Princess Peach - Empress of the World (ladyofsalzburg) wrote,
Princess Peach - Empress of the World

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The proofing bug

I've started proofing some more things recently.  Very recently, in fact: the last couple of days.  In fairness, one of these items had been sat in my inbox for about two weeks because I've been rather busy with work but I decided to hit this document the other day (mostly because I'd been told by the person who wanted it proofing that they want to finish the online magazine it's for by the end of next week).

The document is hell.  Absolute hell.  The state it is in now is not what I would call 'good' on my standards, it's 'okay', but compared to the state of it before it's now excellent!  There were full stops in the middle of sentences, commas where full stops should have been, random commas and apostrophes just everywhere, crazy formatting and even crazier phrasing, but what's worst of all is that actually aside from the fact that he swaps tenses randomly, half of the information is just missing!  Thankfully I know some of the topic area, but I don't know it all, which makes it insanely difficult to proof!

This brings me to another point.  Double spacing after a full stop.  Before I continue here, I shoud clarify that I mean a full stop at the end of a sentence, rather than in an ellipsis (...), thank you @pastamaster39.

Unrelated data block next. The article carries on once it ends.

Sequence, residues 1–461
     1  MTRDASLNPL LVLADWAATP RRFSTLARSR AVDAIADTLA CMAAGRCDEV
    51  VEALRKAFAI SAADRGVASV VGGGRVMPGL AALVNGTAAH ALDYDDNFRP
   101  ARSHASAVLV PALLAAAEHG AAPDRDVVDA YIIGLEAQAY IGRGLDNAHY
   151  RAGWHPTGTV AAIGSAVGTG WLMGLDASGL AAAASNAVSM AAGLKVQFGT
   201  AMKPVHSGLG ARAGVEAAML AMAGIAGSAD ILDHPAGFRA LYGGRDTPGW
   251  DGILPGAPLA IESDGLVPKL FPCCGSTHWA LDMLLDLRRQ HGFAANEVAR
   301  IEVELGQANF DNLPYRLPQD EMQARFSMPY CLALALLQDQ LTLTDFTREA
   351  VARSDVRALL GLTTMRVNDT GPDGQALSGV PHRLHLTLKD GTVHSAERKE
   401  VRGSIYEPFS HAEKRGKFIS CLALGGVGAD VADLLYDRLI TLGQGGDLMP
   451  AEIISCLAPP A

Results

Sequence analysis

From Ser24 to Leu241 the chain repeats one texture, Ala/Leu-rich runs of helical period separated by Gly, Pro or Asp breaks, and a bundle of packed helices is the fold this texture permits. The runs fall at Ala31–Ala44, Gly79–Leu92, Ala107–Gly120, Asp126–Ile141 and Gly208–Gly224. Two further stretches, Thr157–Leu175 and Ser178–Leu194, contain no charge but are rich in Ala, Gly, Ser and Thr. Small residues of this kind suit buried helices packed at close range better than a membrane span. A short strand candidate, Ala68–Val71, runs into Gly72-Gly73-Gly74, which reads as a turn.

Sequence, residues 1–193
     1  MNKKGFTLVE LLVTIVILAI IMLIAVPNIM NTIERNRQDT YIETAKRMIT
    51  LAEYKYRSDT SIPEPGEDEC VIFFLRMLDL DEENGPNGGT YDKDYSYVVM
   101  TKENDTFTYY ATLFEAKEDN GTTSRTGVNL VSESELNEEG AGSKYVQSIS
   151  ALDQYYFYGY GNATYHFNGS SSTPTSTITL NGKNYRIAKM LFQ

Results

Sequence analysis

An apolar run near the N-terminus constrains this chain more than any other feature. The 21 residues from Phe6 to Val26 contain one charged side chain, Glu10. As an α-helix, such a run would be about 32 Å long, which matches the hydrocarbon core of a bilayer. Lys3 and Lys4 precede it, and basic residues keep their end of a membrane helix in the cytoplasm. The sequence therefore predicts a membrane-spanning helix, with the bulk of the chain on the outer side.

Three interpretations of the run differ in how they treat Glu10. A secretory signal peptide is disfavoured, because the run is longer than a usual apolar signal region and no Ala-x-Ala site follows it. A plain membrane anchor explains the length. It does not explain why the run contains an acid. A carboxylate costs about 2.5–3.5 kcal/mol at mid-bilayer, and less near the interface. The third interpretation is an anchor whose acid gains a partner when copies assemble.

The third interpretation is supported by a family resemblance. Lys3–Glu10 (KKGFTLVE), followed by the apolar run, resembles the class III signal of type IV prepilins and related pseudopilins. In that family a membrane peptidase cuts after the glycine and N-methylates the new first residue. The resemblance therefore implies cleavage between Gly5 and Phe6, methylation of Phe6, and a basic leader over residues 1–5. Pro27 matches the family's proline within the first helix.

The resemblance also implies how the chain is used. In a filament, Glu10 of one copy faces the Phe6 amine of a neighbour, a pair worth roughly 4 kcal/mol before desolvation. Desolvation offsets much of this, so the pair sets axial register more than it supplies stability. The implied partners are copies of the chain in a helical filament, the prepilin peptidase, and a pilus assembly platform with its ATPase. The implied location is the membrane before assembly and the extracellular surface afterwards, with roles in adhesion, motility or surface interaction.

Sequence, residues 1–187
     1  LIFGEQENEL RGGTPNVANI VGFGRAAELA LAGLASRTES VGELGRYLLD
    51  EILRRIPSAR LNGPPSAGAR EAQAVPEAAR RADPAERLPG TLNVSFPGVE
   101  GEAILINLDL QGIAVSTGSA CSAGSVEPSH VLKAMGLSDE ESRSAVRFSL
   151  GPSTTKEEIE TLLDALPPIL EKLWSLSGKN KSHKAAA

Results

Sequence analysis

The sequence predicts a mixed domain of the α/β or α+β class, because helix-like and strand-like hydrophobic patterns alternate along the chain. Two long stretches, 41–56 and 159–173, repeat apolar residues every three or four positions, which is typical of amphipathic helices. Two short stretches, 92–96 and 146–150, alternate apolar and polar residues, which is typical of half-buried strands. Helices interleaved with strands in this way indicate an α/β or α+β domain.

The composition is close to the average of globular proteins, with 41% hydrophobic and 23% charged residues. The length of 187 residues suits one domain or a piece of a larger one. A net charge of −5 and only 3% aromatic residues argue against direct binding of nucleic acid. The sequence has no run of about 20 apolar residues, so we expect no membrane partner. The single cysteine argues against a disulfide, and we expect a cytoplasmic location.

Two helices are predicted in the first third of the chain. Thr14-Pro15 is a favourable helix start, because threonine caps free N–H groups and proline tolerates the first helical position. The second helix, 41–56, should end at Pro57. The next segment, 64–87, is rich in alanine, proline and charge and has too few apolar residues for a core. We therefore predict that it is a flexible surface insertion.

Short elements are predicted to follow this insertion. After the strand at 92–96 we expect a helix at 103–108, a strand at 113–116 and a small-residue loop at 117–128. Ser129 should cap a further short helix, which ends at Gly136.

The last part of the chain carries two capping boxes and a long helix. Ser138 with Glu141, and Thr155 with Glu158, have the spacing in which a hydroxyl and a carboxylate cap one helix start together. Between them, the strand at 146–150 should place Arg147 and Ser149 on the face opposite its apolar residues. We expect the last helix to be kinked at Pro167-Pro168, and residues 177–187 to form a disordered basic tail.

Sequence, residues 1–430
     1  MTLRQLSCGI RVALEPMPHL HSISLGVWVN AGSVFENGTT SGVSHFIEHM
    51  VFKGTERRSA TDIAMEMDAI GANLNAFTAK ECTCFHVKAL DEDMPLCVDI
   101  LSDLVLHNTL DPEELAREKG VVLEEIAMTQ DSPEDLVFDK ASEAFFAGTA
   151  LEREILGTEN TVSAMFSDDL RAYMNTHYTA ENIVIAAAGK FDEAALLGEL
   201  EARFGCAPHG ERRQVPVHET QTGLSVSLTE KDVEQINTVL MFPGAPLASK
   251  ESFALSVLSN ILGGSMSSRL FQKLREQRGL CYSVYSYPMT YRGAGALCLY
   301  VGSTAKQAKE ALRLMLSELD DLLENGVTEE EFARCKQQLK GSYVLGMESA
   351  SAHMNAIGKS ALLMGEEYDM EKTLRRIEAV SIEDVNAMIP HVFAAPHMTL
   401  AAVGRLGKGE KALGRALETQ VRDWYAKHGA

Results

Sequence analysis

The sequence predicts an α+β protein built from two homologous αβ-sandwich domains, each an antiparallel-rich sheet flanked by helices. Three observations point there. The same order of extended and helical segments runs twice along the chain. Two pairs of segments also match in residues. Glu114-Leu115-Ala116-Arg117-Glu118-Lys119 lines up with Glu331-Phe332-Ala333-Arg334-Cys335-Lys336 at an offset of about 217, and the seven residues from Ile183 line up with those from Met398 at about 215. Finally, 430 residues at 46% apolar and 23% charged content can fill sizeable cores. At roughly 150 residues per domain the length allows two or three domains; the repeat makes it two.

To demonstrate my point I shall be writing the following paragraph and will be using only one space in this paragraph, but I shall be double spacing (again) in the next one. Firstly I would like to say that only single spacing is very odd for me because I was taught to double space when in school. Now I am really having to think every time I write a sentence (in proper prose) to NOT double space. When it comes to things like Twitter, MSN and other such things I am far lazier and do only single space, mostly because on Twitter and in texts a double space uses up characters which I need, and on MSN I often end up just using different lines for different sentences. Thank goodness for the enter button! But yes, I normally double space, just because I was taught to. There are reasons why I was taught to double space after full stops but I shall come on to those in the next paragraph when I am back to double spacing. As you can see here, this is now getting to be quite a substantial size of paragraph. I for one am finding it rather difficult to spot my own sentences, even whilst writing. I can't find the beginning or end of them, especially not in the middle of this paragraph! On the whole I find that if one only single spaces after a full stop then all of the sentences seem to blend into one. I know that there are plenty of published materials out there now which only single space, for whatever reason, and it bugs me because I find I end up losing my place far more frequently. If I had it my way, I would have everyone double spacing, especially when they want things proofed by me (I am sure other proofers think the same way, I'm looking at you ich_bin_die_ruh ). I will now demonstrate why in the next paragraph.